Dereliction of Beauty: First in a series on how lax regulation of beauty care products victimizes women of color.

29 November 2023

The FDA proposes a ban on formaldehyde in hair straightening products, highlighting the health risks faced by Black women.

For Jeanette Toomer, the hours she used to spend ensuring her hair was perfectly done-up years ago was not just a matter of style—it was a cultural statement. As a Black woman who came of age in the 1970s, Toomer favored natural hairstyles over those that required the use of chemicals—a nod to the self-empowerment and return-to-our-roots ethos that rippled across the African-American community in the years after the civil rights movement.

However, worried that her natural styles would not be taken seriously as she pursued an acting career, Toomer began using chemical straighteners—many of which relied on the toxic substance formaldehyde, a known carcinogen—to straighten and smooth her naturally curly hair. Now, Toomer fears the straighteners may have exacted a terrible toll: in 2021, after more than four decades of regularly using formaldehyde-based relaxers, she was diagnosed with stage 4 endometrial cancer, which she believes can be traced back to her use of hair straighteners.

Last month, the Food and Drug Administration (FDA) proposed a ban on the use of formaldehyde and other formaldehyde-releasing chemicals in hair straightening or smoothing products, citing the chemical’s links to cancer and a range of other adverse health effects. This move has sparked a larger conversation about the lax regulation of beauty care products and its impact on women of color, particularly Black women.

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Disproportionate Impact on Black Women

African Americans make up 14 percent of the population but spend nine times more on ethnic hair and beauty products than non-Black women, according to a recent Nielsen report. This disproportionate impact highlights the need for stricter regulation and increased awareness of the potential health risks associated with these products.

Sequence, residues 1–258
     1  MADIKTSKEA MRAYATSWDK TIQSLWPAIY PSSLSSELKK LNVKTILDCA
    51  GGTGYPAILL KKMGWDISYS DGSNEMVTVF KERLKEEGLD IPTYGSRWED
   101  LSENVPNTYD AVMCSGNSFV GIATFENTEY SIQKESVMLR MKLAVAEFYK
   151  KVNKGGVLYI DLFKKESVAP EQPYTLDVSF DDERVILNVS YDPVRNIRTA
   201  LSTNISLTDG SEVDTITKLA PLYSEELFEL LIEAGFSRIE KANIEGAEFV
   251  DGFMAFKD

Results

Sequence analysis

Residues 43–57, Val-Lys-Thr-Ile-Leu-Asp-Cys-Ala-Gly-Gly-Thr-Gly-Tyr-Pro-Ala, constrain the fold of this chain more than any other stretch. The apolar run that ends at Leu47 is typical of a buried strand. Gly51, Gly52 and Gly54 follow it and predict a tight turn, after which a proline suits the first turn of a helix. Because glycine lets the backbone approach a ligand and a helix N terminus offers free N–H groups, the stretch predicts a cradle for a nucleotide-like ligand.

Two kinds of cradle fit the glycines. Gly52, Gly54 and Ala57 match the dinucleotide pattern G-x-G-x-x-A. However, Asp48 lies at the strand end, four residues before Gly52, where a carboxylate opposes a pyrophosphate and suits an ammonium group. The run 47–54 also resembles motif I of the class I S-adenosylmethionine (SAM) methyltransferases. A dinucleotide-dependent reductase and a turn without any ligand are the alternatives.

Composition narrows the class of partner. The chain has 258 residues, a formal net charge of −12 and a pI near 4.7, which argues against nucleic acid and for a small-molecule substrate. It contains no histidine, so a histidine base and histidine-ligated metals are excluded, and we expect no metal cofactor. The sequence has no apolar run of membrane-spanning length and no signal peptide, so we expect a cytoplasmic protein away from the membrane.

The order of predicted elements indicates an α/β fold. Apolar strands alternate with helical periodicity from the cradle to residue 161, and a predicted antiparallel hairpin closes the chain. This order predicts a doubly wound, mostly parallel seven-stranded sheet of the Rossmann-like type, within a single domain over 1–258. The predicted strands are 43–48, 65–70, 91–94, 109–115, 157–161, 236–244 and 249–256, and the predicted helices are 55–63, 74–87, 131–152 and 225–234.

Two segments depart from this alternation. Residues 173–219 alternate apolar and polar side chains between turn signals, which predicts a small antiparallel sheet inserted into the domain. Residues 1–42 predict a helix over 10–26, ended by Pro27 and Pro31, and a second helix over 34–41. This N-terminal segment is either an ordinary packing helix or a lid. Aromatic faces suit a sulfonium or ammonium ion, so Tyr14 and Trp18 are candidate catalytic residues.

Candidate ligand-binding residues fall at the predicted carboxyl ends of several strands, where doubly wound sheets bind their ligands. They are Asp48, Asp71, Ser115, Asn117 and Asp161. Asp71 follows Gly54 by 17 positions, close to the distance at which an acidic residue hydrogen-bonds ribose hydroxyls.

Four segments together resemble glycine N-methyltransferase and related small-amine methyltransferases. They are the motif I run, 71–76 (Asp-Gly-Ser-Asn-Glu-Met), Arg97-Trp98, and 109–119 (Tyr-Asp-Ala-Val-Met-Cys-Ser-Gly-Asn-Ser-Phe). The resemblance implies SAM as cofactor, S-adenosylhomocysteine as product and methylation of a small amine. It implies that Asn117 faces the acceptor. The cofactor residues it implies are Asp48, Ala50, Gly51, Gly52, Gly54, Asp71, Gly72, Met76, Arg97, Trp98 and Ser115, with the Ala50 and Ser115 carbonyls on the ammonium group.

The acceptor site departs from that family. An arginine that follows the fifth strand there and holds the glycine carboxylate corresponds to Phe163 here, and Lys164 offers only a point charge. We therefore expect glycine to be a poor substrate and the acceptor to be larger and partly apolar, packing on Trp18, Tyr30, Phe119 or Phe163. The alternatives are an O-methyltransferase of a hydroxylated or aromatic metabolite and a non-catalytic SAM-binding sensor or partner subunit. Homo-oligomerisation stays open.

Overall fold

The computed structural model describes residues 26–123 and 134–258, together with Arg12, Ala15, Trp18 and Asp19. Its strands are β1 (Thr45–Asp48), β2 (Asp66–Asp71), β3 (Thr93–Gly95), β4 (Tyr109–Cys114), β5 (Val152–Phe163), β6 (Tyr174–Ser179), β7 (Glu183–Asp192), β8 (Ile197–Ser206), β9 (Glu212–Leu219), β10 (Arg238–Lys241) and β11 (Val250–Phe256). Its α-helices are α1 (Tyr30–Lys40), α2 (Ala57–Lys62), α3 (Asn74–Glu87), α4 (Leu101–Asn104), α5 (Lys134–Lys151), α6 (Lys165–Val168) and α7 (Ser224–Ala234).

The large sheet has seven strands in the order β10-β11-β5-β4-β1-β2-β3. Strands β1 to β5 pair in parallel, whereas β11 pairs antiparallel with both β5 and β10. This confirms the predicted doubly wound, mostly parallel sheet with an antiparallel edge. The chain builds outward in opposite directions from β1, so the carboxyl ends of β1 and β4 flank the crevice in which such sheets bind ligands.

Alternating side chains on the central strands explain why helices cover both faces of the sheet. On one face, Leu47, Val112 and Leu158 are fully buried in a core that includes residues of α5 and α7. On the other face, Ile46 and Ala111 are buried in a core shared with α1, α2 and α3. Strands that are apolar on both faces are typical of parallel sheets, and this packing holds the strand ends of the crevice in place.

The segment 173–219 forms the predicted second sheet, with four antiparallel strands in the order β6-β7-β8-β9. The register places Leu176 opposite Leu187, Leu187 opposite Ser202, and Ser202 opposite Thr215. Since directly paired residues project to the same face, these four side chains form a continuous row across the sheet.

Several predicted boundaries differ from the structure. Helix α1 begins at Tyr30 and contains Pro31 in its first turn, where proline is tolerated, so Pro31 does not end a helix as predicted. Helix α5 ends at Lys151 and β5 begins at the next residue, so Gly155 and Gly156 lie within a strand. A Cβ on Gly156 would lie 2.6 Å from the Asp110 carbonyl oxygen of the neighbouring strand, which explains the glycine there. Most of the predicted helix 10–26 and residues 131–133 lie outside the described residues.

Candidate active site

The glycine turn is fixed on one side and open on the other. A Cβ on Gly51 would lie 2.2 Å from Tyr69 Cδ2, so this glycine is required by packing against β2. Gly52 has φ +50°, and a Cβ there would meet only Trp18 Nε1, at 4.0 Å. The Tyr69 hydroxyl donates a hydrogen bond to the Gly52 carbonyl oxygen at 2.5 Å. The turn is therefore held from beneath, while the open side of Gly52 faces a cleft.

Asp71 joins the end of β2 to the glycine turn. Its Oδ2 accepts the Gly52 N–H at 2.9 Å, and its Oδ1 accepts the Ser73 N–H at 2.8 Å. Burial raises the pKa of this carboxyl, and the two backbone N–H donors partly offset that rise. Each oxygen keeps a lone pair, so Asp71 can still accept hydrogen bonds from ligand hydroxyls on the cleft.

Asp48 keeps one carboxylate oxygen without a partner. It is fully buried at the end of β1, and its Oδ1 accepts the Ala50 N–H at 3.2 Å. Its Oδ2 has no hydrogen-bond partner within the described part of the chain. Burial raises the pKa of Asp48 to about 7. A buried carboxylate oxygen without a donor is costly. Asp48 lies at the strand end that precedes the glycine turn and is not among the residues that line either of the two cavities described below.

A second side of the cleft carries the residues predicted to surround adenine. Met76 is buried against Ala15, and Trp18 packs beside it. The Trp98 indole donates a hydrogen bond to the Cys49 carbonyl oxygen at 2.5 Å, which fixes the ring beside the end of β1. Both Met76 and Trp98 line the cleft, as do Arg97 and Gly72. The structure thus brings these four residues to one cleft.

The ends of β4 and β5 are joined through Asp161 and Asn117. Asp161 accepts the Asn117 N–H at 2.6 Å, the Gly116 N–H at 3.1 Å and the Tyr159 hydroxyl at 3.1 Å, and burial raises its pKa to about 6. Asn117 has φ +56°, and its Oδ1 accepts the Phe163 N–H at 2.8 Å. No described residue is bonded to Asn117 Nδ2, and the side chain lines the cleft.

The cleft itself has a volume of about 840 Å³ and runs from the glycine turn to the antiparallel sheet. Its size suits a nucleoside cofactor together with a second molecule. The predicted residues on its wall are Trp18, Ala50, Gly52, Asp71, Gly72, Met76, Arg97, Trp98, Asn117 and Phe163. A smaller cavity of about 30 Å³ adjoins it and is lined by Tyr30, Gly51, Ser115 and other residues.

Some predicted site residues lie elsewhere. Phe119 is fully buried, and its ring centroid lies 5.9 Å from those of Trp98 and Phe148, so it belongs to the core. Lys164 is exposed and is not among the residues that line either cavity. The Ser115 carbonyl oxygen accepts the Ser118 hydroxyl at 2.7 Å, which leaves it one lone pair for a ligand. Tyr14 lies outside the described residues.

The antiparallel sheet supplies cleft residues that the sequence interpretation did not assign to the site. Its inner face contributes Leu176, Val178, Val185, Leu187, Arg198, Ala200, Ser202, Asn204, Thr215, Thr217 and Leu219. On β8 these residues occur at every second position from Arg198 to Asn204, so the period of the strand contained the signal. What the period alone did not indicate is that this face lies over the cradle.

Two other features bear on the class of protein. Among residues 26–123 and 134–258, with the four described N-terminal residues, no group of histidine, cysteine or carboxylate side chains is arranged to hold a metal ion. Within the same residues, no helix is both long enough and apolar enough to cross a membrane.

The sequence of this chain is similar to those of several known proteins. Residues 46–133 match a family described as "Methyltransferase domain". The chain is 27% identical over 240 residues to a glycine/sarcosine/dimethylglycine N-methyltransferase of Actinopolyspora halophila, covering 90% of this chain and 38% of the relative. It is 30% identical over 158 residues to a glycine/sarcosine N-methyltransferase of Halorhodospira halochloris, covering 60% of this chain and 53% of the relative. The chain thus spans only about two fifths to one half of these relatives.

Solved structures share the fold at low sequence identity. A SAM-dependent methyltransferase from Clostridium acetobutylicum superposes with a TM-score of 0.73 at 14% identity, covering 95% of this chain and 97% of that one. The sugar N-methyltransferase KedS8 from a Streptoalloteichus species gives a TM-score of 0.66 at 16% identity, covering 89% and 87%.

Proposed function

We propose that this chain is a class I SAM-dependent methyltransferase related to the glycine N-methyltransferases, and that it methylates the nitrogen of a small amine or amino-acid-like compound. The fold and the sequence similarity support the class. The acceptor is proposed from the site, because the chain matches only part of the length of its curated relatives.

The Science Behind the Ban

Formaldehyde has long been recognized as a hazardous substance, with the Environmental Protection Agency classifying it as a “probable human carcinogen” in 1987. The International Agency for Cancer Research also released a similar finding a year later. The FDA’s proposed ban on formaldehyde in hair straightening products is based on scientific studies linking the chemical to various health issues, including certain cancers, respiratory problems, and skin conditions. The ban aims to protect consumers, particularly Black women, who are more likely to use these products.

The Role of the FDA and Legislative Changes

The FDA’s lack of authority to regulate cosmetic products and their ingredients has hindered efforts to address the risks posed by toxic substances in beauty care products. However, the Modernization of Cosmetics Regulation Act (MoCRA), set to go into effect next month, will grant the FDA new authority to regulate the beauty industry. While this represents a significant step forward, advocates argue that more needs to be done to ban other potentially dangerous ingredients and ensure the safety of all beauty and personal care products.

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Lobbying and Industry Influence

The Personal Care Products Council, a trade group representing the majority of the American beauty industry, has spent millions of dollars on lobbying efforts to influence regulations around cosmetics. The effectiveness of their advocacy has been evident in the limited changes to cosmetic regulations since 1938. Critics argue that the industry’s influence has hindered meaningful reform and prevented stricter regulation of potentially harmful ingredients.

The Environmental Injustice of Beauty

The use of toxic chemicals in beauty products disproportionately affects women of color, who are more likely to use a greater number of products and face poorer health outcomes. The pressure to conform to Eurocentric beauty standards and the lack of safer alternatives contribute to the environmental injustice of beauty. Researchers and advocates argue for a comprehensive approach to address the use of harmful ingredients in all personal care products and promote safer alternatives.

Conclusion:

The proposed ban on formaldehyde in hair straightening products is a significant step towards protecting the health and well-being of women, particularly Black women, who have been disproportionately affected by lax regulation in the beauty care industry. However, more comprehensive changes are needed to ensure the safety of all beauty and personal care products. The FDA’s new authority under the MoCRA is a positive development, but ongoing efforts are necessary to address the environmental injustice of beauty and promote healthier alternatives for all consumers.

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